If Chávez were to die or become incapacitated, "a fragmentation of the movement" would likely occur. In the immediate aftermath of such an incident, Vice President Elías Jaua would take power, according to the constitution. Perhaps as an indication that Chávez is preparing for the worst, he formed a nine-member State Council earlier this month, headed by Jaua, to assist him with executive duties. The nine "would be able to draw upon a broader leadership base and carry more authority" in Chávez's absence, Wilpert said.
But with elections on the horizon, the Socialists' hold on power would be threatened without Chávez heading the party.
The following is a list of possible successors through the electoral process.
- Henrique Capriles of the center-right Justice First party, but Capriles has been building momentum and could perform well against a candidate less established than Chávez.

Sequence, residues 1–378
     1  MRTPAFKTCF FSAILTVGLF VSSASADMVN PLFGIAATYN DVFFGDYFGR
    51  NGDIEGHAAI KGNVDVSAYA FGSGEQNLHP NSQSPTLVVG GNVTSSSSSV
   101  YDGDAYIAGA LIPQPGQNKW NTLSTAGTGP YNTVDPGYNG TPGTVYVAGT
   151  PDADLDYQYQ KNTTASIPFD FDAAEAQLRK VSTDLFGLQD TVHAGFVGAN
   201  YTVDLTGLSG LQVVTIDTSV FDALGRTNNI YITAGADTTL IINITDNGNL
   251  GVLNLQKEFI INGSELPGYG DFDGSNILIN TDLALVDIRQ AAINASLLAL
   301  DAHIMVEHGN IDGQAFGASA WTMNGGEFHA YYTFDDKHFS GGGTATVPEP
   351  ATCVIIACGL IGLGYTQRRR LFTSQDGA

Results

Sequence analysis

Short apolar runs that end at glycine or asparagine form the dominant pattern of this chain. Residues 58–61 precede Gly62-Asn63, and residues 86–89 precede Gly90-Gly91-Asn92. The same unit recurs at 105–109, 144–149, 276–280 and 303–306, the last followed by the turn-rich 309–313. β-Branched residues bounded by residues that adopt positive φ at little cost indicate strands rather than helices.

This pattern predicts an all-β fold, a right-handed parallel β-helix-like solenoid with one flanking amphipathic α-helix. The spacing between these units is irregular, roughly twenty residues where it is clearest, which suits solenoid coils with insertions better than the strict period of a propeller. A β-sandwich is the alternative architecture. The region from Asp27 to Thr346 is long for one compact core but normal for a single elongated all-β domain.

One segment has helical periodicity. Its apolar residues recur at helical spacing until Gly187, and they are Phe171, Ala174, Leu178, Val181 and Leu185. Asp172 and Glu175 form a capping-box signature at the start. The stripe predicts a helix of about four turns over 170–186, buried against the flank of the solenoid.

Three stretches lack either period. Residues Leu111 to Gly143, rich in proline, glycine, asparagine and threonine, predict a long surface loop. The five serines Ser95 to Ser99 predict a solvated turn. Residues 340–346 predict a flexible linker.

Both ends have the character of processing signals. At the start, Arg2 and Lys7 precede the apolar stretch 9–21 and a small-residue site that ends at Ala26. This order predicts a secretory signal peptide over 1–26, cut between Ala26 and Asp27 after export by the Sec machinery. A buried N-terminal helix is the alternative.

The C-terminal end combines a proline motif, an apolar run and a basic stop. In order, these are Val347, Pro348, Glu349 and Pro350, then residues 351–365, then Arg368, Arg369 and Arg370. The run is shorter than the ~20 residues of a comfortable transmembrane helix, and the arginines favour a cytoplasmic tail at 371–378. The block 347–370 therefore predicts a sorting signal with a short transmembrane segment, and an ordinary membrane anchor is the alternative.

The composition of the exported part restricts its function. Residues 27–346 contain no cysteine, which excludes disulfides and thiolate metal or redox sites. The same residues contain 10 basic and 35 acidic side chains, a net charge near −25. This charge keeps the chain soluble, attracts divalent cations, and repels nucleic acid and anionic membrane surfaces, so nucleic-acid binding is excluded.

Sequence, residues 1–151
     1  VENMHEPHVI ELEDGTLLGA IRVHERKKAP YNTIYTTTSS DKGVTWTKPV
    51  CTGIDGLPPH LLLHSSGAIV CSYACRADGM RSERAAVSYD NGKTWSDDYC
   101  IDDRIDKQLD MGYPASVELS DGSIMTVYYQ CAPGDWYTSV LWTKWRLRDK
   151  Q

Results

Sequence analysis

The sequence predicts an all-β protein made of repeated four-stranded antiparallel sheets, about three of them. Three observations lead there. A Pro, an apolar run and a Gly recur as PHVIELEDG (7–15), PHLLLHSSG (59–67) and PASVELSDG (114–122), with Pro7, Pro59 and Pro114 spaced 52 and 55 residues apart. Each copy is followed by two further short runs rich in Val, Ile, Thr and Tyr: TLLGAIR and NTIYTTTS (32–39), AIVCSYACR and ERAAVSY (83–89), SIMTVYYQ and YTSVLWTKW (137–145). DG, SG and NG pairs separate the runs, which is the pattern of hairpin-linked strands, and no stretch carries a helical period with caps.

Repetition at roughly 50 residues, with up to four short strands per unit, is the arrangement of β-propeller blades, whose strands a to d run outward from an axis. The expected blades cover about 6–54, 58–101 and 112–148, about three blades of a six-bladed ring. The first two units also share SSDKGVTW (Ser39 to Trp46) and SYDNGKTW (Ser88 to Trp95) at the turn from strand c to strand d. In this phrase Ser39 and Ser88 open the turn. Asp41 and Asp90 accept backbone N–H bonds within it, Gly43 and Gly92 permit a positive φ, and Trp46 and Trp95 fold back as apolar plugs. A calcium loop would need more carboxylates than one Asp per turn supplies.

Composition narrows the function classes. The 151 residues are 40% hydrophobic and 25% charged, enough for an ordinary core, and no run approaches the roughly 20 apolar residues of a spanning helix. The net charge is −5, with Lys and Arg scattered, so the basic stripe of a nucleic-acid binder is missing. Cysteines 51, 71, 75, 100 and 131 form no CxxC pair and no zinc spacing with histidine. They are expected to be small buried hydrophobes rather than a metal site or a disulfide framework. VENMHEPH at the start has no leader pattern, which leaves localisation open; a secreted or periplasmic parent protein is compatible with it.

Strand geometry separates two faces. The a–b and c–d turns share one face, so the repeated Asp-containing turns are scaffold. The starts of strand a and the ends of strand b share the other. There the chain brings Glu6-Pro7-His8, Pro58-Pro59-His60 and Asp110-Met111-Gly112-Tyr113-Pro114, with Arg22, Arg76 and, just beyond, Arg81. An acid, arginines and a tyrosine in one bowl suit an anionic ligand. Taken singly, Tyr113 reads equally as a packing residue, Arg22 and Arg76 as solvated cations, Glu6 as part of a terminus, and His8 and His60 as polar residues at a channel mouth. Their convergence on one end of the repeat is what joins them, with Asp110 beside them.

- Jaua, as Chávez's immediate successor, is one of the top candidates, though he is viewed as more of an administrator than a leader. Chávez appointed Jaua, 43, vice president in 2010; he served as Minister of Agriculture before then. Having been a university professor, Jaua's background is academic, and while he is viewed as an intellectual, he lacks the charisma and oratory skills to be a statesman on par with Chávez.
- Diosdado Cabello, the current Speaker of the National Assembly...who has focused on democratization in Venezuela.
- Foreign Affairs Minister Nicolás Maduro, 50, who started off as a bus driver and became a labor union leader...Maduro's politics align very closely with Chávez's.
- José Vicente Rangel, 82, a former vice president (2002 to 2005)...Ideologically, he is similar to Chávez.
- Lastly, there is Chávez's elder brother, Adán Chávez, 59. Currently the governor of the Venezuelan state of Barinas, Adán, a former physics professor, has a long history of political activity, with views often considered even more radical than his brother's.